Liberty must always be defended from its two great enemies–legalism and license. So Paul clarifies, the freedom Christ purchased for you never turns into, verse 13, “an opportunity for the flesh.” “Opportunity” was often used to describe a central base of military operations. Your freedom was never intended to turn you loose to live sinfully. Your freedom in Christ is not to do what you want–or an opportunity to indulge in sin.
The word “flesh” is used different ways in the New Testament–but here it refers to your sinful inclinations. As a Christian, you no longer have a nature that wants to sin. Romans 6:6, but you do have the memory of sin, the inclination of sin, a sin residuum in you–a humanness. One day you will be fully redeemed, in a glorified body, with no more inclination to sin. But until then, even though you have been saved from the penalty of sin and actually delivered from the power of sin, we still battle with the presence of sin, along with the memory of sin, and the desire for sin, called “the flesh” here–and that memory of sin has quite a pull toward evil. In Christ and through His Spirit, we can partially overcome this evil pull–but Paul reminds us here, the freedom Christians have is not to become a base of operations from where we can freely sin without consequence.
John MacArthur gets pointed when he says, “Under the cloak of Christian liberty, some professed Christians claim they are free to get drunk, enjoy worldly amusements, feed their minds on smutty books, magazines, and movies, and live in almost unrestrained self-indulgence. But such a person gives strong evidence that he is not a Christian at all. Although a true believer may fall into serious sin, his renewed conscience and Christ’s own indwelling Spirit will not allow him to enjoy it for long. And he surely will not continually try to justify sin as a legitimate expression of Christian freedom. The new nature hates sin and loves the righteousness of God.”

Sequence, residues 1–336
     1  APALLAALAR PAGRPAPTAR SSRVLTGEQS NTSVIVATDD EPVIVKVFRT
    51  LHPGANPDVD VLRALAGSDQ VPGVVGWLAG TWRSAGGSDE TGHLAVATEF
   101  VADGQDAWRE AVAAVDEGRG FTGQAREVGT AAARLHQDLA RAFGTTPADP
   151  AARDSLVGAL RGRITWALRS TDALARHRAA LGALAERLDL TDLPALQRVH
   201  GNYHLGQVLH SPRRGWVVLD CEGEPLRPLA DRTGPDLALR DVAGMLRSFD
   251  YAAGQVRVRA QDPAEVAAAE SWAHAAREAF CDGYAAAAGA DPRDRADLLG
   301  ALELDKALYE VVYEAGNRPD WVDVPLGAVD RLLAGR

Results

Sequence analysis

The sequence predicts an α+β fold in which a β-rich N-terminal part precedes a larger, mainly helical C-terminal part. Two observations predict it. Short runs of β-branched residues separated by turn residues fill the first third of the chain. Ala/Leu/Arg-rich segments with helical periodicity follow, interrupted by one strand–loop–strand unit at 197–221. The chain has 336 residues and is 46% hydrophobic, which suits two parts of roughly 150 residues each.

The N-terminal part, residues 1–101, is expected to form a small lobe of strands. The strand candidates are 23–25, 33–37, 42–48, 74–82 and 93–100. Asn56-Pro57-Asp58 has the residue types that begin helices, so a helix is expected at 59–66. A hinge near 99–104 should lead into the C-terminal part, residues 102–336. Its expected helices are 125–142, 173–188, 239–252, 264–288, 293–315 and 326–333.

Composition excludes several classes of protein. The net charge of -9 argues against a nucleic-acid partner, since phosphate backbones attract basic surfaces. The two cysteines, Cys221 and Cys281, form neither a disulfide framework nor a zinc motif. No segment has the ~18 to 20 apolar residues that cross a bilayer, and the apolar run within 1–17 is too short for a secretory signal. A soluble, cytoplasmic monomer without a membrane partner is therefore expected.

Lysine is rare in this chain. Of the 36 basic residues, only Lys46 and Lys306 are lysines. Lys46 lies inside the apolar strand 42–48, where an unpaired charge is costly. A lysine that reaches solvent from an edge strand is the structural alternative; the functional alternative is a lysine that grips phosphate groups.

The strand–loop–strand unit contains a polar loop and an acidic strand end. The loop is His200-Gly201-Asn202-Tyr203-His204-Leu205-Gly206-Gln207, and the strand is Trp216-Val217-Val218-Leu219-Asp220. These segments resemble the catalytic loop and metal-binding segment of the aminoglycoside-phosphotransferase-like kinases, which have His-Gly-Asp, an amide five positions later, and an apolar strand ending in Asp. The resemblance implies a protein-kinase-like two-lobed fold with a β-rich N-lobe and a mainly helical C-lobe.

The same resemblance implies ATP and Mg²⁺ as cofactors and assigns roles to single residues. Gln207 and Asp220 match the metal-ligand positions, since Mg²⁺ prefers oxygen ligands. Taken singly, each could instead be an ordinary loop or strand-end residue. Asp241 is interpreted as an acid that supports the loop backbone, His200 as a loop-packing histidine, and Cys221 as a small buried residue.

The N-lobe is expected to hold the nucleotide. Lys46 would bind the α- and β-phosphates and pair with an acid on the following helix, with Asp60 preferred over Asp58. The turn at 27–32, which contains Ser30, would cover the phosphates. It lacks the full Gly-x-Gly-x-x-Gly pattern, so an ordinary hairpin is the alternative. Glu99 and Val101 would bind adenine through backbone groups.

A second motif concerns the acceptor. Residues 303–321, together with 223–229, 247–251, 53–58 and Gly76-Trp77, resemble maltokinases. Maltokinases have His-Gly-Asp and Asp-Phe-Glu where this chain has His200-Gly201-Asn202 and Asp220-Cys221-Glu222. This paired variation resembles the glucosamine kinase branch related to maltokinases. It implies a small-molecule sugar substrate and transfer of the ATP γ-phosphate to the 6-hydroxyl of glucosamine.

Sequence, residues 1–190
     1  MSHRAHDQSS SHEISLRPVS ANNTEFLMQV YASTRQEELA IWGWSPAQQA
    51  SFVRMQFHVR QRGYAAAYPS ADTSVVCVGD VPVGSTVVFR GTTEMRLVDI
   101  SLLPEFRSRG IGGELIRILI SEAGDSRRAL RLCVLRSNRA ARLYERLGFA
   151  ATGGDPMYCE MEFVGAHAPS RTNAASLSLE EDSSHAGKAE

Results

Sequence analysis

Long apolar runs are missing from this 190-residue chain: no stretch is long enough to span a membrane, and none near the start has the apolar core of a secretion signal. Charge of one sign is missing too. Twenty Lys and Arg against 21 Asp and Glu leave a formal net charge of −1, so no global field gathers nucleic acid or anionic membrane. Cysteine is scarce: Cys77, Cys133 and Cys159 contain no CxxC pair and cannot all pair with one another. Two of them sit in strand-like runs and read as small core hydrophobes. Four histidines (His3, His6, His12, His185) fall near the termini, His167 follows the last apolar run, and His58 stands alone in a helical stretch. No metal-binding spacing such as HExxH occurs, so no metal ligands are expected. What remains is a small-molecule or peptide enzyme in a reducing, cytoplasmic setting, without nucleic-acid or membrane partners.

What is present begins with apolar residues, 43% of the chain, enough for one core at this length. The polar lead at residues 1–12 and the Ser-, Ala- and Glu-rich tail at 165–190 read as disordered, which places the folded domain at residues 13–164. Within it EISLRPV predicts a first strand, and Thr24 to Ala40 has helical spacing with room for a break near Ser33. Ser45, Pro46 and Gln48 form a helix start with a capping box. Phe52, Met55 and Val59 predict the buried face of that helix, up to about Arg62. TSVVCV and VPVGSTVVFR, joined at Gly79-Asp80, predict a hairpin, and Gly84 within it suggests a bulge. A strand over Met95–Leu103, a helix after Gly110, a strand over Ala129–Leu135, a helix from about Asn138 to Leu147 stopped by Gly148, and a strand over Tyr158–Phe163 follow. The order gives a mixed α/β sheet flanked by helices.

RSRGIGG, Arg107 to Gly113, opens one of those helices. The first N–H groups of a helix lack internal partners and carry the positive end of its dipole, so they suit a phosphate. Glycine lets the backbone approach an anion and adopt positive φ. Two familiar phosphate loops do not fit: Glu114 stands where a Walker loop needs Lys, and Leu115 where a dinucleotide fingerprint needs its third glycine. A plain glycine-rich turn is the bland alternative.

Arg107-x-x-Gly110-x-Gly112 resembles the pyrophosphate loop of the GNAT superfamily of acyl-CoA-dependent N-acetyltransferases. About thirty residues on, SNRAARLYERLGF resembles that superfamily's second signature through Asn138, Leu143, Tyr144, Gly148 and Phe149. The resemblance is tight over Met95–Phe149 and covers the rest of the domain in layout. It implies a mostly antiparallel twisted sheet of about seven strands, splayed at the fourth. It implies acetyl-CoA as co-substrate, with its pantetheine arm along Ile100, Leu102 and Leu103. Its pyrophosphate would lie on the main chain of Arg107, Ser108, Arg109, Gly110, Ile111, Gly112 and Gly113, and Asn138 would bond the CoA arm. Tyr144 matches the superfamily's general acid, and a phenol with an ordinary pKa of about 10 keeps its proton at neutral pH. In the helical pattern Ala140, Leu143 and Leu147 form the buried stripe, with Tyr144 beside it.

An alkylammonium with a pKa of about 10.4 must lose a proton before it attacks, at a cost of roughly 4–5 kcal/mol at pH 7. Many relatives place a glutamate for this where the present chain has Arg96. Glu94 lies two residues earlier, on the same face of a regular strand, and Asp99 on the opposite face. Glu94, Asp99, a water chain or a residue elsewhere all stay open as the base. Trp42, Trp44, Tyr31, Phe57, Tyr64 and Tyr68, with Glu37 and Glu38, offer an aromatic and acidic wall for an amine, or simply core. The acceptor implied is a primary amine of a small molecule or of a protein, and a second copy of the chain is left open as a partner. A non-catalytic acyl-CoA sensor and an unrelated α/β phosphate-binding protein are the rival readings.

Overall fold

With the enemy, we need to battle with the sword of God’s Word and stand on truth. With the world, we defeat our love for the world by intensifying our love for the Father. But with the flesh, most often we must flee and not create opportunities to sin. Sometimes, foolishly, Christians create bases of operation for the sins of the flesh–maybe allowing themselves to watch things on the computer or flat screen which result in sin. Maybe excusing their idol of alcohol, drugs, sweets, caffeine or Dr Pepper and nachos.
Maybe creating a base of sin by showing more loyalty to sports and entertainment than to Christ. Maybe justifying a heart given to leisure with hobbies, amusement parks, or food. Maybe you have created a base of operations to satisfy your desires to sin. The grace of God forgiving all your sin, past present and future, is not a license for you to live sinfully or irresponsibly. No, your freedom, bought by Christ, given to you by grace through faith, is not a freedom for you to do what you want, but a freedom to do what God wants.